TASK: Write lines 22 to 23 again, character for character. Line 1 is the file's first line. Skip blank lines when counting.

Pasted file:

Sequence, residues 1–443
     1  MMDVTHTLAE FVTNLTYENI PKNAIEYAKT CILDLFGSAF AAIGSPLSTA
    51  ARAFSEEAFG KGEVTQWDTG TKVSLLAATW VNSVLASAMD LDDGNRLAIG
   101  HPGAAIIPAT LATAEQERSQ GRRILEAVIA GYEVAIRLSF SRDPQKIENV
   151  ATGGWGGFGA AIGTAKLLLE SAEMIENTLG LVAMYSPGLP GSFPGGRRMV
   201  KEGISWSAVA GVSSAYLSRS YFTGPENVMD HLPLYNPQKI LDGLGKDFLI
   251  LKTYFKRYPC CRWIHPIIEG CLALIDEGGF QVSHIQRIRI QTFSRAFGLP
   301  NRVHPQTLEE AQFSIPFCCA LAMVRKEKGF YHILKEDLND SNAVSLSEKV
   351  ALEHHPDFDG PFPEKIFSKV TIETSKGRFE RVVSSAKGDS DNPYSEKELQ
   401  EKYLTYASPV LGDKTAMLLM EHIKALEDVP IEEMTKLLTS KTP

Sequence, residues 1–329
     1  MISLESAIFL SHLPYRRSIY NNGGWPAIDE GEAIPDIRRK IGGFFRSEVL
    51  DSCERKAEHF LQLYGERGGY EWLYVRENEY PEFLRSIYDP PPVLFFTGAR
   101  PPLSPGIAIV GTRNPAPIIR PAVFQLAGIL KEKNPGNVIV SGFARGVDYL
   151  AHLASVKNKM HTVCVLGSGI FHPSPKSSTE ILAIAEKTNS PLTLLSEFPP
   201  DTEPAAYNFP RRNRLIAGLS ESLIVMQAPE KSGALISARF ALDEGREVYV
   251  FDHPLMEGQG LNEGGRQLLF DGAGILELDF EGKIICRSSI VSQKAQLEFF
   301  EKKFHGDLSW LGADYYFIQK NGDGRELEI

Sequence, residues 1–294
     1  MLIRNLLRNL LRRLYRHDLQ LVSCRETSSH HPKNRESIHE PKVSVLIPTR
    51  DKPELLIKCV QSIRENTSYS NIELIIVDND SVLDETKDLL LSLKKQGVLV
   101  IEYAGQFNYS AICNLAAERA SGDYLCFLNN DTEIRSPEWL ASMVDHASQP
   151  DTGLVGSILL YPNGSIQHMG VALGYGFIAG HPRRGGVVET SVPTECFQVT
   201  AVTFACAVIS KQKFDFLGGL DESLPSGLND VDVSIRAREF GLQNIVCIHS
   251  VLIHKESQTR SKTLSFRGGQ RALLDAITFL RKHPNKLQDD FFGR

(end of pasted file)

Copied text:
   101  IEYAGQFNYS AICNLAAERA SGDYLCFLNN DTEIRSPEWL ASMVDHASQP
   151  DTGLVGSILL YPNGSIQHMG VALGYGFIAG HPRRGGVVET SVPTECFQVT